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Jane Barnsteiner to Receive American Academy of Nursing’s Highest Honor

The American Academy of Nursing (AAN) has named Jane H. Barnsteiner, PhD, RN, FAAN, a Living Legend for her significant contributions to nursing and health care over the course of her career. The official designation will be made at a ceremony during the AAN’s 2022 Health Policy Conference, taking place on October 27-29, 2022, at the Marriott Marquis in Washington, DC. This year’s conference – From Reflection to Impact: Positioning Nursing Future – will be in-person only with no virtual option. This is the Academy’s highest honor.

“Dr. Barnsteiner spent three decades of her career at Penn in various roles—and left an indelible mark at Penn Nursing, with our clinical partners at the Children’s Hospital of Philadelphia and the Hospital of the University of Pennsylvania, and on the impactful teaching, scholarship, and practice excellence for which we are known,” said Penn Nursing Dean Antonia Villarruel. “Her passion for pediatric nursing and patient safety has had an impact on health care that cannot be understated. She is also a Penn Nursing alum, and we take great pride in her incredible accomplishments and impact.”

Barnsteiner is Professor Emerita at Penn Nursing and editor of the Translational Research and Quality Improvement for the American Journal of Nursing (AJN). She previously served as Director of Nursing for Translational Research at the University of Pennsylvania Health System and as Director of Nursing Practice and Research at The Children’s Hospital of Philadelphia. She is internationally recognized as a leader in quality, safety, and evidence-based practice. Two common threads throughout her career are that she has straddled service and academia to ensure that practice is evidence-based and that education is relevant to practice. Additionally, she is known as an early thought leader in developing and implementing innovative programs to improve quality and safety.

Barnsteiner began her practice as a pediatric nurse and launched many innovations to help children with complex health issues, such as creating the first pediatric critical care advanced practice program in the world; developing the first course on caring for medically fragile children in the community; and being among the first to bring technology-dependent children and their families into the classroom to share their experiences first-hand with students. She also co-authored, Person and Family Centered Care, which received an AJN Book of the Year Award.

Barnsteiner was instrumental in the development of the Quality and Safety in Nursing Education (QSEN) initiative that outlined the competencies needed to be taught in schools to prepare nurses for entry into practice. Since the launch of the initiative, she has been an international leader in disseminating the QSEN framework. She co-led curriculum development and taught at eleven national QSEN Institutes, educating 1,500 faculty about the QSEN competencies and strategies for integrating them into curricula. She collaborated with clinical leaders to help incorporate QSEN principles into orientation, clinical advancement, and clinical research. She has provided dozens of consultations on evidence-based practice, quality patient care, and curricular reform in numerous international settings. She co-edited all three editions of Quality and Safety in Nursing, with both editions receiving AJN’s Book of the Year awards. These texts have been translated into four languages.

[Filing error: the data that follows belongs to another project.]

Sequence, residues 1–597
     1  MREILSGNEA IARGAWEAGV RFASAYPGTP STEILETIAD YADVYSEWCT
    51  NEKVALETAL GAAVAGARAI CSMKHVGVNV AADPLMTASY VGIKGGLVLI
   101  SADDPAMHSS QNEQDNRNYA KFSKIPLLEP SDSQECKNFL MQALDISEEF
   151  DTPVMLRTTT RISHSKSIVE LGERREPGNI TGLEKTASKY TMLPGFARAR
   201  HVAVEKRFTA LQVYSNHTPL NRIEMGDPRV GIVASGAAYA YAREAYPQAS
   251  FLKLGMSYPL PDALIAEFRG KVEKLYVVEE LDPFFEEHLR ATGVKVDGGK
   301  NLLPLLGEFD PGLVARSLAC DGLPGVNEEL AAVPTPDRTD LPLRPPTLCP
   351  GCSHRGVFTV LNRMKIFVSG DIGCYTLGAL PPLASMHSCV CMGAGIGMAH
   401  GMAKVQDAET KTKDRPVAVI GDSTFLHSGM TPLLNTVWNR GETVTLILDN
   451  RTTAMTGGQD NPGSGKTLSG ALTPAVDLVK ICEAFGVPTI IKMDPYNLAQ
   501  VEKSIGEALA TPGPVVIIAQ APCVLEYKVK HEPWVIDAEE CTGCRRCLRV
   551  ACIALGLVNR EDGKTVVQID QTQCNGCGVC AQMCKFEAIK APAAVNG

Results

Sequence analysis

Barnsteiner co-led a funded national survey of nursing schools on nursing student errors and near-misses that documented the policies and practices schools had in place or lacked in terms of addressing safety, errors, and near-misses. She and colleagues then designed and tested a national database which the National Council for State Boards of Nursing acquired to track trends and errors made by nursing students. She has often been honored for her work; including with the Eastern Nursing Research Society Distinguished Researcher Award; Sigma’s Dorothy Garrigus Adams Award for Excellence in Fostering Professional Standards; the Lindback Award for Distinguished Teaching from the University of Pennsylvania; and the Alumni Award for Distinguished Leadership from the University of Pennsylvania School of Nursing. She also received the Distinguished Alumni Award from the University of Michigan School of Nursing and the Robert Wears Patient Safety Award from Jacksonville University. She was inducted into the American Academy of Nursing in 1991. She received her diploma from Misericordia Hospital School of Nursing in Philadelphia, a BSN and MSN from the University of Pennsylvania and a PhD from the University of Michigan.